“It sounds familiar. Heaven’s Gate is proof that when religious fanatics command you to surrender your gender and become androgynous, castrate yourself and your children, it’s probably not gonna end well.”

In what were his programme’s final moments, framed by several pizza boxes across his desk while holding a slice, he promoted Let Them Eat Bugs, a special described as an investigation into “environmentalists pushing people to eat bugs.”

Court filings show that Carlson appeared to reject debunked claims about Dominion and allegations of vote manipulation, while at the same time fearing drops in Fox stock prices and viewership if network hosts and reporters publicly admitted that there is no evidence to support false election claims.

Carlson privately raged over the network’s correct prediction that Joe Biden won the state of Arizona, which enraged Trump’s campaign and far-right figures

“We worked really hard to build what we have. Those f*****s are destroying our credibility. It enrages me,” he wrote to his producer on 5 November, according to Dominion’s filings. “What [Trump’s] good at is destroying things. He’s the undisputed world champion of that. He could easily destroy us If we play it wrong.”

Five days later, he told his viewers that voter fraud “happened, and we can prove it.” His segment about “dead” Americans casting ballots prompted a correction.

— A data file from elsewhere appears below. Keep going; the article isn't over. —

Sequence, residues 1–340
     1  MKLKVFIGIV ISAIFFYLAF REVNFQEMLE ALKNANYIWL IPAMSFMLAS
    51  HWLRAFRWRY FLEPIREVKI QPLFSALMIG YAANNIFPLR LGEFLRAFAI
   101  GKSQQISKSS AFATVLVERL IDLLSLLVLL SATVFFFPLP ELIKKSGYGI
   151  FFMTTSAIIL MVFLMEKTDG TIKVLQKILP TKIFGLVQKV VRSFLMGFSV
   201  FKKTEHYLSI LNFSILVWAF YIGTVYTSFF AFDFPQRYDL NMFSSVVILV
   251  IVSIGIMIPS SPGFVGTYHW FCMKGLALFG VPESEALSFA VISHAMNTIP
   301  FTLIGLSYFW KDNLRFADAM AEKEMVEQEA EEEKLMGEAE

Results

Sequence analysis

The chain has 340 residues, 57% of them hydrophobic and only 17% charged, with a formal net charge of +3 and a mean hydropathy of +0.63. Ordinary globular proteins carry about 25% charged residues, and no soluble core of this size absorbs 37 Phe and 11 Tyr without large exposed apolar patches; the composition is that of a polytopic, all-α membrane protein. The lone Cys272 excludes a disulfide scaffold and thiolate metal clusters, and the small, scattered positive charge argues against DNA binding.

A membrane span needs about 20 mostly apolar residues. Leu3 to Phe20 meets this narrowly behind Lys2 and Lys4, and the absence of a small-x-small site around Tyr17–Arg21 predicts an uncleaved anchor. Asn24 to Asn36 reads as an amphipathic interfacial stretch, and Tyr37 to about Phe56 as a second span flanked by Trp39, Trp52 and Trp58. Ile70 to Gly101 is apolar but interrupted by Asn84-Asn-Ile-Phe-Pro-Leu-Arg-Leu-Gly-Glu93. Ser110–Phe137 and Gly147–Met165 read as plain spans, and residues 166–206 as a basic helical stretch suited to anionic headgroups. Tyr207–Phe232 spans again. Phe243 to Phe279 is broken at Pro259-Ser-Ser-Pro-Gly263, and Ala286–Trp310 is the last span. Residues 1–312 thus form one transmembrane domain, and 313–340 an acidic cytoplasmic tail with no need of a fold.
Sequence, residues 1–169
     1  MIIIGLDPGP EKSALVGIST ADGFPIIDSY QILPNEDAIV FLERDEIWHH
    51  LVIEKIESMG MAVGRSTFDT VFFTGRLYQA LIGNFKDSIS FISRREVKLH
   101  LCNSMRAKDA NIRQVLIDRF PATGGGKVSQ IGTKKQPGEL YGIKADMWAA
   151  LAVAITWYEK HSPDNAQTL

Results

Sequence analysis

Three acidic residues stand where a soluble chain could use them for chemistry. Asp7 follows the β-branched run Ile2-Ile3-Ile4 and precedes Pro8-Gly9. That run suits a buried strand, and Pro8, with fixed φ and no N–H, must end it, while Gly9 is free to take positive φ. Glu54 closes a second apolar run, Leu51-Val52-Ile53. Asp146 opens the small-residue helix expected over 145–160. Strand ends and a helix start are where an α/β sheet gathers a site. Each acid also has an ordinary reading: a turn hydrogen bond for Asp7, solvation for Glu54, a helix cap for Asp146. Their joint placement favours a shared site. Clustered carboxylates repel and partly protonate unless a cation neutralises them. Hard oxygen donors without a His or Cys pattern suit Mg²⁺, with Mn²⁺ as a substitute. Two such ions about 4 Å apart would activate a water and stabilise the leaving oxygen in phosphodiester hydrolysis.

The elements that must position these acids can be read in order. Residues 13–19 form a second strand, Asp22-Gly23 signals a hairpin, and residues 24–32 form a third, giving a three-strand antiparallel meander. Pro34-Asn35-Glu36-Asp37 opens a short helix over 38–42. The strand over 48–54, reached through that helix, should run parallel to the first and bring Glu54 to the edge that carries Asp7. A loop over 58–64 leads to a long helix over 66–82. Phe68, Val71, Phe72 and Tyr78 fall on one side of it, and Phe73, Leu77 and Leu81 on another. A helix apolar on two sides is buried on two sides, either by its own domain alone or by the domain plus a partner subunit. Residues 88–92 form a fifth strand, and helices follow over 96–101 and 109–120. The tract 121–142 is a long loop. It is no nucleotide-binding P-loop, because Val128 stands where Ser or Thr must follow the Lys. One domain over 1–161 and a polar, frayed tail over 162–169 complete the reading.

On 19 November, Carlson ended his broadcast by suggesting that Trump-connected Sidney Powell should publicly reveal the evidence for her baseless claims about widespread voter fraud and manipulation that fuelled conspiracy theories about Dominion and the 2020 election. “We are certainly hopeful that she will,” he added.

The following night, he told his viewers that if Powell could prove mass fraud that manipulated the outcome, “no one will be more grateful for that than us.”

But just four days earlier, he told a producer that “Sidney Powell is lying. F****ing b****.”

“Sidney Powell is lying by the way. caught her. It’s insane,” he later told Laura Ingraham.

The lawsuit from Ms Grossberg, formerly a producer on Carlson’s programme, alleges that not only did Fox’s legal team coerce her testimony in the Dominion case, but she also paints a disturbing work environment bloated by “systemic chauvinism” that repeatedly undermined her decisions and retaliated against her when she complained.

“Ultimately, feeling ignored and unprotected by Fox News, and suffering from severe anxiety due to the unlawful treatment she received from her male supervisors and colleagues,” Ms Greenberg sought medical leave as recommended to her by a therapist, according to her complaint.